So in 1977—when the house I’m squatting in was built—I was a geeky kid who wanted to join the circus. I spent hours walking acrobat style across the narrow tailgate section of my dad’s Dodge pick-up truck. I didn’t pay attention to what my dad had to do to keep our little house from falling down—I had more of a big tent in mind.
After spending a few quality hours painting the underneath part of my ancient deck, I think living in a tent might be easier. Part of the deck is built over a gigantic tree trunk—read: big spiders. Part stretches over a tall berm—leaving just enough room for a back-breaking hunker. I got so much paint in my hair I had to get it cut off.
I’m thinking a nice Coleman four-sleeper with zip-up windows.
I like to whine. The truth is, a dear friend came to help me paint and we knocked it out in a weekend. He graciously did most of the part involving spiders.
I found an olden-days pic of my house on the county tax site, where you can look up stuff like who won the quit claim in the divorce settlement and whether or not your neighbors paid their property tax.
The point is, some of the wood in my house is 36 years old and it’s showing its age. Maybe a responsible owner prior to me nailed down new deck boards once upon a time, but when we crawled in there to paint some of the boards had rotten spots.
(I’m having second thoughts about this post already, because most of my body parts are pushing the half-century mark, and I’m not sure I want someone poking into all my crevices unless it’s a cosmetic surgeon.)
Nonetheless I weighed my options:
A) Hire a nice person to replace all of the deck flooring with new wood or, better yet, composite that will last long after my last tooth falls out.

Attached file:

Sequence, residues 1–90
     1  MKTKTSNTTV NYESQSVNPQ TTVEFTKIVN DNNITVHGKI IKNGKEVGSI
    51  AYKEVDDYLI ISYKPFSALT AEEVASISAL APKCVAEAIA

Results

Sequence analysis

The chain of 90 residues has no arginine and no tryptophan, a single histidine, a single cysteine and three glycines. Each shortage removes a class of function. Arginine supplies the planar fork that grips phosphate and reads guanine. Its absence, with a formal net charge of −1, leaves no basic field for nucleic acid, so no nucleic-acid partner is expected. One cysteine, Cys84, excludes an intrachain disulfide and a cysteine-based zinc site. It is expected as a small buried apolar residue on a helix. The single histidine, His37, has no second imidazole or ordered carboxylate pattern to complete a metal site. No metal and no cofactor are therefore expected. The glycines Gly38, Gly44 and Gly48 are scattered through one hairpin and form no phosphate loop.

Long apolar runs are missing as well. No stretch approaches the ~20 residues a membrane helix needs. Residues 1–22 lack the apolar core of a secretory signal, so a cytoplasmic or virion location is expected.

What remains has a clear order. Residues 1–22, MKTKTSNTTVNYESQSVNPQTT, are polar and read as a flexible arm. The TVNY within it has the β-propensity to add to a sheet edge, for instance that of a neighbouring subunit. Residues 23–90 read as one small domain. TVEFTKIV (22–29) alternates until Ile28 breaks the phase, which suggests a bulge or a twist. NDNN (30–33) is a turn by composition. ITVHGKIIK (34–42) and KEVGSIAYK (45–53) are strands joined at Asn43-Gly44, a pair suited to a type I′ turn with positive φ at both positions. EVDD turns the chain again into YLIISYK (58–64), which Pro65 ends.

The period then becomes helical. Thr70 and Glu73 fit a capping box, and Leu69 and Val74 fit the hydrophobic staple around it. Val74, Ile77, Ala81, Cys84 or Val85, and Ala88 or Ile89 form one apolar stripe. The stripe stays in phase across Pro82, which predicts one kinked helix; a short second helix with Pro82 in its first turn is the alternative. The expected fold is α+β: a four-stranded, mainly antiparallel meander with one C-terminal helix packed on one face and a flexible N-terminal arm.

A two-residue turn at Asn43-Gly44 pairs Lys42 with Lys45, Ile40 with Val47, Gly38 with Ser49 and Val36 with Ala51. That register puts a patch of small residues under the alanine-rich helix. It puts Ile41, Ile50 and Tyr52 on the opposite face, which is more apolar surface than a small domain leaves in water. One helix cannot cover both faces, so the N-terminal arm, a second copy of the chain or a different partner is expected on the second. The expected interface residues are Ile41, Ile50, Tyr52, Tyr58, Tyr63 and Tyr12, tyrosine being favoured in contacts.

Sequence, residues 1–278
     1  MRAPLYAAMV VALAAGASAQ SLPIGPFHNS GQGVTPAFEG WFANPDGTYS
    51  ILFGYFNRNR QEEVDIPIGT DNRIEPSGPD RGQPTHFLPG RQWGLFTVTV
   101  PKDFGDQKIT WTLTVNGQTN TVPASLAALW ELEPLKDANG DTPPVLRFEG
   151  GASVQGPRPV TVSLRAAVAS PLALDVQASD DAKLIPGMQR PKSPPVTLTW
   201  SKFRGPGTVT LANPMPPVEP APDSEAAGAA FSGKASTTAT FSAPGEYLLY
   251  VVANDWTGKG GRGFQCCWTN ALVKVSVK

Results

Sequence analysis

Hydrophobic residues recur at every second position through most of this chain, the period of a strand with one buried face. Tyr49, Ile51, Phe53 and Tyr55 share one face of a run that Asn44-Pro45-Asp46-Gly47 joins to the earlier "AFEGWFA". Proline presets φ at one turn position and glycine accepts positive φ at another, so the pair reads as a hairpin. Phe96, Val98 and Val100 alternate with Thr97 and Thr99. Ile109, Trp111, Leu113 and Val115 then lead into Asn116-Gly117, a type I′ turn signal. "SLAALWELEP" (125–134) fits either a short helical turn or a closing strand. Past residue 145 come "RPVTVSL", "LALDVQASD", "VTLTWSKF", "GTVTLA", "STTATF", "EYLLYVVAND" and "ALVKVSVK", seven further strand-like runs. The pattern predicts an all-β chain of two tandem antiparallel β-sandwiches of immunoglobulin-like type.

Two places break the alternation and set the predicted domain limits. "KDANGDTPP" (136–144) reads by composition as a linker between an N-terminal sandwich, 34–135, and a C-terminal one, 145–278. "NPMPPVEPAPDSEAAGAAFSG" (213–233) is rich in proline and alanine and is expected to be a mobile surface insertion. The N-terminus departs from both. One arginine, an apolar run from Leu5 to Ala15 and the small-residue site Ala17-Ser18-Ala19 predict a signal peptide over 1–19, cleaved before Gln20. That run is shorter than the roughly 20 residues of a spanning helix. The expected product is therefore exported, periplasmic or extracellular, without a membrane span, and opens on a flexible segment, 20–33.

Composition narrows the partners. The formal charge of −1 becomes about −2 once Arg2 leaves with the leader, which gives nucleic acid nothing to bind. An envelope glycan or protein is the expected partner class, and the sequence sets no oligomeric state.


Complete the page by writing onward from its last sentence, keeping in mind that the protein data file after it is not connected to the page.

B) Replace some of the boards and sand down the others to remove the rot.
C) Slather gray paint over everything and call it good until someone—hopefully not me—falls through.
Of course being the responsible homeowner that I am, I opted for option C and vowed not to invite any lawyers or building inspectors home to dinner. Ever.
“The heavy duty primer we used halts the rot in its tracks,” I promised no one in particular. “It would sag before it actually broke. Plus, you can’t even tell when it’s painted over.”
I’ve been working on a story off and on for three years. I started by writing it badly but enthusiastically, inspired by this awesome rig I saw parked in the grocery story lot. It takes a second to see it; someone carved out the top of the van roof and framed in part of a camper shell. I immediately knew what character of mine would do that.
My story is set in 1976, about the time the foundation to my house was poured. It’s about a guy who drives a backhoe and chases women.
It’s a pretty good story idea and the characters are fairly engaging, but the story has never fully satisfied.
I took a few fake revision passes, fixing lines here and there and taking some characters out and adding others in. I changed a gal’s name from Arleen to Charlene.
Wow, that really helped the plot.
I tightened the ending. I even did some real research on the kind of backhoe the character would use in his job—a Poclain, I decided. A European rig the job foreman got in a trade.
That is to say, instead of really finishing the story I tried to paint over the rotten spots.
And my readers always found them.
“It’s not a finished story yet,” they said. “It’s thin.”
Of course they were right, because the character’s epiphany wasn’t fully earned. He made a choice at the end, but so what.
Painting my old deck, knowing that all the paint in the world isn’t a cure for bad wood, taught me a lesson. Oh I know I’ll have to replace the wood and I’ll get around to it, but meanwhile I’m ecstatic because I finally understand that for all his seemingly aimless wandering and woman chasing, what my character actually wants is to put down roots.
Dramatizing the attempts he somehow manages to undercut lend actual meaning to his choices. It’s the basic craft stuff we know, but applying it to a particular story I seem to have to re-learn it each time.
I used to think that crafting plot was my weak point, and I still struggle with that aspect with each new effort, but I’m starting to realize that figuring out character desire is even more challenging for me because it’s often painted over by behaviors that belie the true motivation.
I just gave this story to another round of readers. Their job is to look for the rotten spots.
I’m hoping they’ll say I finally replaced them all properly with good wood.
XO Laurel Leigh